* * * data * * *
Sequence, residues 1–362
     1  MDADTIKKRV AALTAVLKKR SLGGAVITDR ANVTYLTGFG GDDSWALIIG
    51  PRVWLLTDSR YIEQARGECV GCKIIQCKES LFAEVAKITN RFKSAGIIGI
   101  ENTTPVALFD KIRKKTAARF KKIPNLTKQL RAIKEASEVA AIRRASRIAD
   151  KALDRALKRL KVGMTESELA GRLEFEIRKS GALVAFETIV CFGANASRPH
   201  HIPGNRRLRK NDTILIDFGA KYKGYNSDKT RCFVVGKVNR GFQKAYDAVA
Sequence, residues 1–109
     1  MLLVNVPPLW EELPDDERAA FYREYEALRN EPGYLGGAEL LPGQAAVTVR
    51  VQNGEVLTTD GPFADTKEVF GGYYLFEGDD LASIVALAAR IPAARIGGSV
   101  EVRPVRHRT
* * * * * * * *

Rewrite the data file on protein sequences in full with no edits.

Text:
Sequence, residues 1–362
     1  MDADTIKKRV AALTAVLKKR SLGGAVITDR ANVTYLTGFG GDDSWALIIG
    51  PRVWLLTDSR YIEQARGECV GCKIIQCKES LFAEVAKITN RFKSAGIIGI
   101  ENTTPVALFD KIRKKTAARF KKIPNLTKQL RAIKEASEVA AIRRASRIAD
   151  KALDRALKRL KVGMTESELA GRLEFEIRKS GALVAFETIV CFGANASRPH
   201  HIPGNRRLRK NDTILIDFGA KYKGYNSDKT RCFVVGKVNR GFQKAYDAVA
Sequence, residues 1–109
     1  MLLVNVPPLW EELPDDERAA FYREYEALRN EPGYLGGAEL LPGQAAVTVR
    51  VQNGEVLTTD GPFADTKEVF GGYYLFEGDD LASIVALAAR IPAARIGGSV
   101  EVRPVRHRT